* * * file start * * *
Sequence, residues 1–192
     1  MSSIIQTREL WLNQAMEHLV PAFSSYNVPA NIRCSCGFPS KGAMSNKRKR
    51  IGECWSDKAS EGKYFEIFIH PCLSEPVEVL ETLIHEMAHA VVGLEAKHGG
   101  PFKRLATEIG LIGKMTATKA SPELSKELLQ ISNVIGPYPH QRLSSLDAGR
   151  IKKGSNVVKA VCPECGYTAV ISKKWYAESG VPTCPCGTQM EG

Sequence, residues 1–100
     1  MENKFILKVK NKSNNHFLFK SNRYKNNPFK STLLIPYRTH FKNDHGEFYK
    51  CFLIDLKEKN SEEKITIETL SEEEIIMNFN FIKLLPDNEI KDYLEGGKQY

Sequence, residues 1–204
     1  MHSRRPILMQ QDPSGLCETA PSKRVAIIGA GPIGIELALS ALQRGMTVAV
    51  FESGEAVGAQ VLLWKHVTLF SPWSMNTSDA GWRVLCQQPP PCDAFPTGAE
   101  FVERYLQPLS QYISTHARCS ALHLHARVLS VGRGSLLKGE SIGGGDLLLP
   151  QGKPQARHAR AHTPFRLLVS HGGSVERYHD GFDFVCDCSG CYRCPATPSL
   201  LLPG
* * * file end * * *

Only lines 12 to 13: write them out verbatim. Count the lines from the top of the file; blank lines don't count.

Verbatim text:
   101  FVERYLQPLS QYISTHARCS ALHLHARVLS VGRGSLLKGE SIGGGDLLLP
   151  QGKPQARHAR AHTPFRLLVS HGGSVERYHD GFDFVCDCSG CYRCPATPSL